Free CNA Classes: The Best Deal in Town

With the population aging, health care needs in America have risen dramatically, and so have opportunities for employment in the health care field. There is a nationwide shortage of health care workers of all types, and many people are flocking to this field in search of rewarding and well-paying careers. The need is so great that many places are offering training at no charge, especially for short-term programs. This is why it’s so easy to find and take free CNA classes.

There are several ways to find free CNA classes, because there are several places and institutions that provide them. Listed below are some of the first places you can check for these valuable, free classes.

  • Community colleges. Often these school receive grants that help people with their education, especially programs designed to get people into the workforce quickly. These grants cover the cost of classes, practical training, teachers’ salaries, uniforms, and even transportation to and from the school.

  • Nursing homes. A nursing home or elder care system of residential homes often does its own training for free. They do have an ulterior motive—they want you to work for them. Their level of care is higher when they can train their workers and when they have low turnover. But even those ulterior motives work in the student’s best interest; how many training programs can offer you free classes and guarantee you a job at the end? Only free CNA classes even come close.

  • Career centers or job placement centers. Many communities have centers such as these to help people find jobs and get the training they need for those jobs. This is especially true of your community has been struggling with drug problems or if your community’s major industries have died, leaving people with a need for retraining. These career centers often offer free CNA classes, because they get workers into the workforce within 6 to 12 weeks.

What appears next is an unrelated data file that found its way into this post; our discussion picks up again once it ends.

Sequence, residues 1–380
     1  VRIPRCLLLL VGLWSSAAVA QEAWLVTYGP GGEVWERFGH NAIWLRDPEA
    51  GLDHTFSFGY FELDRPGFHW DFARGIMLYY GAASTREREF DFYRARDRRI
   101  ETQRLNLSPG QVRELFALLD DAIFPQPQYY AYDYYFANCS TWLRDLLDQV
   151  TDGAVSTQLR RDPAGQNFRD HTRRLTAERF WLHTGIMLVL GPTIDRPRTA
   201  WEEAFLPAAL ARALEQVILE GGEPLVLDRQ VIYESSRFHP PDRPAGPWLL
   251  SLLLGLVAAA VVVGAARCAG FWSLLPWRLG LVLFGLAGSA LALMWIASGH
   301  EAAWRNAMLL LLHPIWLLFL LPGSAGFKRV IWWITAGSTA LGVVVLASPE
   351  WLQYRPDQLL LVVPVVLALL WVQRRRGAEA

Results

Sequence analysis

• Hospitals. Hospitals are usually very large, and need to have hundreds of CNA’s on staff. The best way to get these employees is to recruit and train them themselves. Hospitals offer free CNA classes in return for a certain term of employment—again, another win-win situation for both hospital and student.

  • Displaced Homemaker programs. A displaced homemaker is a stay-at-home parent who has been deprived of her regular source of income (the working spouse died or left). She must reenter the workforce, and there are programs in place to help her do that. Grants and scholarships are available for displaced homemakers to take free CNA classes.

  • Military or ROTC programs. These programs often have a tuition element to them, and you can use that to pay for your CNA classes. It makes them free to you—although you have certainly paid for the benefit with your years of service.

If you’re looking for free CNA classes, there are many places to find them. The first step is simply to open up the phone book, call the paces listed above, and ask if they offer CNA classes for free.